I remember it had a big red heart on the front and the envelope was red too, it was the pinnacle of romantic gestures I thought. In hindsight it is a bit sad I know, but they were very different times. On Valentine’s Day, I tucked it into my school bag between the pages of my geography book.  I didn’t have geography that day so I knew I couldn’t possibly pull it out by accident in class.  That mortification would have been too much to get over.

I knew that after school if I headed down towards the California Hills as we called the fields at the end of our road back then, I’d have a good chance of seeing her, and then I could give her the card that I had spent so much time on. It was an act of foolishness from a boy with a bit of a crush and very little sense.

That was a very long day I can tell you.  The desire to take the card out to look at it again and maybe even to add to it, was almost overwhelming.  That however would have been impossible.  The notion that one of the lads would see me with the card was too risky.  The potential for humiliation was enormous. The other problem of course was that the girl in question was the sister of one of the boys in my class.  If I was caught, there would be a class-wide investigation if not interrogation, and while I feared no one in normal circumstances, this involved delicate sensitivities and under pressure I knew I would crack.

3

By the time I got to the California Hills, I was already embarrassed. Quite literally.  I was blushing as I walked. My mouth was dry and I began to sweat.  Much of what happened next is a blank but from what little memory I can access, I can tell you that I waited at the corner near the edge of the field for what felt like hours, most likely  ten minutes in reality. I took the card out, almost but not quite, afraid that someone would see me with a big red envelope in my hand, standing like a loser on the corner on Valentine’s Day like some pathetic, stood-up saddo.

Of course I wasn’t stood-up because I didn’t actually have a date – wait – now I do sound like a saddo?  I was standing there with some higher aspirations, trying to remember what seemed good about this idea when it first formulated in what was fast becoming obvious, was a smaller brain than I had previously given myself credit for.

Then I saw her. She sort of came out of nowhere.  My plan had made sense after all.  Now I remembered, she came home from school this way, that’s why I was standing there.  She was with her friend who I vaguely recall may have been called Ursula and she had a permanent look on her face that said “Don’t you talk to me.”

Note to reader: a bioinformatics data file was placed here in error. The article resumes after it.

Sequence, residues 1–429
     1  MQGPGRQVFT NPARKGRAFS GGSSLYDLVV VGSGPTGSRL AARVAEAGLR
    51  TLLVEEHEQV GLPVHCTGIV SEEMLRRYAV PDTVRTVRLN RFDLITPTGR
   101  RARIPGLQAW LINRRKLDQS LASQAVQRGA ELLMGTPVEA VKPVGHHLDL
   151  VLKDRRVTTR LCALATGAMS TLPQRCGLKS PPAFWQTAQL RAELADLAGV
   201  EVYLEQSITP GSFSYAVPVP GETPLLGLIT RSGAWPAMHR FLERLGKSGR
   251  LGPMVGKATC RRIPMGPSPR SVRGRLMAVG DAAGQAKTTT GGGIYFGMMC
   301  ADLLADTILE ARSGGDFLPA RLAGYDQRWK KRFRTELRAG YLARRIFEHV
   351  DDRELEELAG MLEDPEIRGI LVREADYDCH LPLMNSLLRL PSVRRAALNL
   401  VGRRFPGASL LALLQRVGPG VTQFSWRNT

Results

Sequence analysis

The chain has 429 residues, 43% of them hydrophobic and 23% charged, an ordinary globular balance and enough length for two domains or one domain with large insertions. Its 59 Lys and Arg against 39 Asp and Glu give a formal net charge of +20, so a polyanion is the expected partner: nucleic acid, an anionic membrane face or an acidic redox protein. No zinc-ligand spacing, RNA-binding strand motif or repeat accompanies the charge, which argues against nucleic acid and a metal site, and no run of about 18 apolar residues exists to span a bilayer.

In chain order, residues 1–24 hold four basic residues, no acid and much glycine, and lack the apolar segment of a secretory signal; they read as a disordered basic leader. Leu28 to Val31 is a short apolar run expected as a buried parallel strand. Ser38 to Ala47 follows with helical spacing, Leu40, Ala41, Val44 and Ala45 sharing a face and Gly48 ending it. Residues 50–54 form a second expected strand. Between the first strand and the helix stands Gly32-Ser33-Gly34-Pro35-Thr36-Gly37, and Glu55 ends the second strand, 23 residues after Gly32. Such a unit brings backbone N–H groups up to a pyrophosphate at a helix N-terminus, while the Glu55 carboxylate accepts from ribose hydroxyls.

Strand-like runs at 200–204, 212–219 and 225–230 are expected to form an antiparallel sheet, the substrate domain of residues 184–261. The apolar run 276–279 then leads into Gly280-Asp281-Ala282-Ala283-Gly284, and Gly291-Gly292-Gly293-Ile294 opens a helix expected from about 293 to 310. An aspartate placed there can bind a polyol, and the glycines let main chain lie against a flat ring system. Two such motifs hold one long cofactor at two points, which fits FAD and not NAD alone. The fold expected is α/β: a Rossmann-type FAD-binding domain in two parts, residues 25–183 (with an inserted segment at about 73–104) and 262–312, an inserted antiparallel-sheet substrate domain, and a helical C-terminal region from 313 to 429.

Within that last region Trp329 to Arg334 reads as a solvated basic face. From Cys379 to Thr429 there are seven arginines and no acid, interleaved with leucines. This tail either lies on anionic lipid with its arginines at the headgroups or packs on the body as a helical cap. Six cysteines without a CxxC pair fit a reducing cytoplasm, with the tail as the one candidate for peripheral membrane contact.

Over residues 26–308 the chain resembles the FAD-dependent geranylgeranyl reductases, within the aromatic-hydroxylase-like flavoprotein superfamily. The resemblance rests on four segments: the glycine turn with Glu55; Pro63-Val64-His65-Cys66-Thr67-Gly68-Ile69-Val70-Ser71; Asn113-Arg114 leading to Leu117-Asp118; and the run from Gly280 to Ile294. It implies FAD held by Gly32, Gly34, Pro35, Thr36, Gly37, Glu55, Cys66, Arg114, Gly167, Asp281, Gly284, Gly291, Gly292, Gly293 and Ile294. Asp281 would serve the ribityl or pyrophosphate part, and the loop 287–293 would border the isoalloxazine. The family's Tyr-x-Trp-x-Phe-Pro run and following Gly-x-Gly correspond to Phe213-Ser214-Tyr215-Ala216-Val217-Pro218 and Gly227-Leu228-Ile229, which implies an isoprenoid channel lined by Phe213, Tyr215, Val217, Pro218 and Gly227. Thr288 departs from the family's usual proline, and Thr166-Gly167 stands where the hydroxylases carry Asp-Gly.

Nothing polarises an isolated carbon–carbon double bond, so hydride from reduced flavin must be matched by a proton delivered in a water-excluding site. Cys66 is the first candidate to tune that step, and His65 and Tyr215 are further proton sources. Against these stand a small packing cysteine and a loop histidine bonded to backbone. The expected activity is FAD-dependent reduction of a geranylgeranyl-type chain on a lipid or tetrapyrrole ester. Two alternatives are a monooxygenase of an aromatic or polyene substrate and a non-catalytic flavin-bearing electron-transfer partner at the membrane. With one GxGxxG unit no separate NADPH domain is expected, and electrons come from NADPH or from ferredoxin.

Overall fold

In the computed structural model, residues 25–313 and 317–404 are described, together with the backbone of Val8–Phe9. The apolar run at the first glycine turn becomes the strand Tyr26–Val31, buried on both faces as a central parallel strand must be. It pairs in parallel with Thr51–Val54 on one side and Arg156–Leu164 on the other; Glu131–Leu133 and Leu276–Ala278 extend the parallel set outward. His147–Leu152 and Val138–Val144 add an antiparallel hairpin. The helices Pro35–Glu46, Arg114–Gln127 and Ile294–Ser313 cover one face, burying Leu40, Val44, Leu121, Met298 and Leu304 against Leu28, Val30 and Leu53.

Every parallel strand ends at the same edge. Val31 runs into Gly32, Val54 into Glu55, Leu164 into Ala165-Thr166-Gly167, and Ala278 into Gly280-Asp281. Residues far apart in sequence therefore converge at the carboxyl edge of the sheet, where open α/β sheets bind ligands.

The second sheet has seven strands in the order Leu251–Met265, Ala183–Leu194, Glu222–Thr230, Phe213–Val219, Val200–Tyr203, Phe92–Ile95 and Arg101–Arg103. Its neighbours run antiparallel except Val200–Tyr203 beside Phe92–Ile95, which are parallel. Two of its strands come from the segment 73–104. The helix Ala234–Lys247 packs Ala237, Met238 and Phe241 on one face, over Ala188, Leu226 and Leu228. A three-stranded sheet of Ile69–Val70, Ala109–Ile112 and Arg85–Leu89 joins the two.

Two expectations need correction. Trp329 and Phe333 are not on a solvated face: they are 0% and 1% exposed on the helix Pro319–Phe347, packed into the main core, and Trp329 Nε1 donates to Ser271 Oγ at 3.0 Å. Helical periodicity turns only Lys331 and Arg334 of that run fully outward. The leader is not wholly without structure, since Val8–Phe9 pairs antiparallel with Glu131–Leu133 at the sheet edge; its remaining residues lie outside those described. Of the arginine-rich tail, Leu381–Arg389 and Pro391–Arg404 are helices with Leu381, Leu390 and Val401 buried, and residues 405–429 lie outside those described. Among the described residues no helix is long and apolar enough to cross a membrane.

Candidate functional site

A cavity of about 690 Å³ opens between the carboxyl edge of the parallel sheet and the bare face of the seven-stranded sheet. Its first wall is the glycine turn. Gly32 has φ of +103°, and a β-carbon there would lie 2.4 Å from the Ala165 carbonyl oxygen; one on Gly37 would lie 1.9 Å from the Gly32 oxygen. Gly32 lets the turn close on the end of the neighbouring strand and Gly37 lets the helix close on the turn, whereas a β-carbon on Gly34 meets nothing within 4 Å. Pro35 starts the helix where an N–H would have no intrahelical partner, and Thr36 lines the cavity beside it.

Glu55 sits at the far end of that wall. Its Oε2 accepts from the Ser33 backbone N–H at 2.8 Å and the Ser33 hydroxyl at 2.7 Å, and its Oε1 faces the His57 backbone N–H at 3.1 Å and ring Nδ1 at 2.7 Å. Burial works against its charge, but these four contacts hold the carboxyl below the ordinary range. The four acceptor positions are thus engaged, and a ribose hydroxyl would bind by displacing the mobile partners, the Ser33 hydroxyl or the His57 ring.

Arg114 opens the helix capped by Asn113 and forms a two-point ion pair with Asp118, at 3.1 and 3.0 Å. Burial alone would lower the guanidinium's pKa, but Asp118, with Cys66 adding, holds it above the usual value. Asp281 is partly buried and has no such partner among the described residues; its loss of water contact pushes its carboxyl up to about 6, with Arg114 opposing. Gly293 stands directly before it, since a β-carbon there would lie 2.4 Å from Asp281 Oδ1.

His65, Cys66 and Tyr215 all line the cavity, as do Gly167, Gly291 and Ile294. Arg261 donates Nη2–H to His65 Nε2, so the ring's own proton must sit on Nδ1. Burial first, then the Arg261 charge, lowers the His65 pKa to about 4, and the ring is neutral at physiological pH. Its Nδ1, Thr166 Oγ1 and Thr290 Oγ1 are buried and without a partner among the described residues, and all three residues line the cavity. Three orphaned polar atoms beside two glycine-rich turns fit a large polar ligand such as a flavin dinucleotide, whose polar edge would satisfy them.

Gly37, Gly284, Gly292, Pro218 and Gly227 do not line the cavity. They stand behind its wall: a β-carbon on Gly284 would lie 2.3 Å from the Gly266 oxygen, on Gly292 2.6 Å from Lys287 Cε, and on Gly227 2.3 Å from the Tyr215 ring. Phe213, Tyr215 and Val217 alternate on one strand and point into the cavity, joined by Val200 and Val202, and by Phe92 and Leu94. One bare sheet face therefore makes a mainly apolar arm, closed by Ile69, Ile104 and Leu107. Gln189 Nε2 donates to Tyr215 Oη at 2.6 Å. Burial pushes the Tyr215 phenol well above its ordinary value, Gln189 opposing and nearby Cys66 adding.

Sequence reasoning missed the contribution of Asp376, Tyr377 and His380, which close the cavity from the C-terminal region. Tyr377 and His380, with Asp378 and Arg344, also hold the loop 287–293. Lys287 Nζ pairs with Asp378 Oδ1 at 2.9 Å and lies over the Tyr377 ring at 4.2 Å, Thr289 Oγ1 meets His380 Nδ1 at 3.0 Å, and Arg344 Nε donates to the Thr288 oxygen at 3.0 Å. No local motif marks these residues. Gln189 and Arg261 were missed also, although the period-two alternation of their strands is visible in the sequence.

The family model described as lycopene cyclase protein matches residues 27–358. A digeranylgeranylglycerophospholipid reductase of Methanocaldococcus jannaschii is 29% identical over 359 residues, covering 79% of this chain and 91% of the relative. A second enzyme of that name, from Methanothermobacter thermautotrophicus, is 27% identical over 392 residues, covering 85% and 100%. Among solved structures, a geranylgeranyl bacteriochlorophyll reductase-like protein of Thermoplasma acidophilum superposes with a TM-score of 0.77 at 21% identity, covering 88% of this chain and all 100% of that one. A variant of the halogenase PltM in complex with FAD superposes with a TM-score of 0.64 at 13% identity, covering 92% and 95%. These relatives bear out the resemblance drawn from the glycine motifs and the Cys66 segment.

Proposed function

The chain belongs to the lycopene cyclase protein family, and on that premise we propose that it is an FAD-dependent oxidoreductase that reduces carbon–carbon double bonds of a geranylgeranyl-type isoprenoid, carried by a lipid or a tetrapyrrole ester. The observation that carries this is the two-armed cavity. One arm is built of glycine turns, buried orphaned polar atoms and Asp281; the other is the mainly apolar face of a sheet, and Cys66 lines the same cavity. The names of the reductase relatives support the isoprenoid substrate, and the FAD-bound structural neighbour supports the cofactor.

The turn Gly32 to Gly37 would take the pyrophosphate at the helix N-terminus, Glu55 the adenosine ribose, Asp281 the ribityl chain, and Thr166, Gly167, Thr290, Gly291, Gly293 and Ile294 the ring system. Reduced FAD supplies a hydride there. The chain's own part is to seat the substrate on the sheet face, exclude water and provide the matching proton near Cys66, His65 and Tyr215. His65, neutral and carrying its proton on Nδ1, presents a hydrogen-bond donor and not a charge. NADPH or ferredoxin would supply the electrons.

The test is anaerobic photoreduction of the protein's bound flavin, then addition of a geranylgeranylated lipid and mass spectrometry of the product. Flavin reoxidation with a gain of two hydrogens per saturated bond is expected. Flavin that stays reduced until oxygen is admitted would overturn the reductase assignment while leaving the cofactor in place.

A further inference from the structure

I reached into my satchel and touched the card with my fingertips and my face exploded in a visual cacophony of crimson, screaming to the world “Look at me.”   I felt quite sick and she was only a few feet away.  It was easy in my head when I had planned it, but of course I had planned nothing, not really. She had her head down.  I knew she had noticed me before and as she approached she lowered her head in a demonstration of shyness or coyness perhaps, her long dark hair falling about her face, making it even harder to make a connection.

I almost stepped forward away from the wall.  As I watched her and tried to make eye contact, she flicked her eyes up and looked at me. My blushes were too much and I didn’t want her to see my embarrassment so I (very coolly) reached up and tried to cover my face by slowly running my fingers through my long hair,  letting it fall across my red cheeks as I dropped my chin. I must have looked like an idiot.

And then she was gone. I didn’t follow her with my eyes, but rather stared out across the piece of Dublin wasteland with a much more exotic name than it deserved and accepted defeat. I was a coward, a fool, a sad little boy who I just knew would never have the courage to talk to a pretty girl that I liked, let alone hand her a card filled with loved-up words of romance and forget-me-nots.

I honestly don’t remember what I did with that card.  But I do remember the apparent significance of the day at the time. Maybe that’s why it is more than a Hallmark day for me now.  I have fond memories of my Mam and of my own innocence before the world became real. It reminds me of my childhood and of a different time, so forgive me if I’m a fool that still considers today a little special.

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I am very fortunate to have survived the trauma of those teenage years without too much distress. We all go through those horrors and think that minor moments are the end of the world when we are learning how to be adults.  Now I am lucky, fortunate indeed to actually have a very special reason to enjoy Valentine’s Day, for I have found the love I imagined all those years ago and more.  It took me longer than expected but she was worth the wait.  Happy Valentine’s day to anyone with a hint of romance in them… and even to those that don’t…

Haven’t read a Max Power book yet?  I think it’s time to pick one up.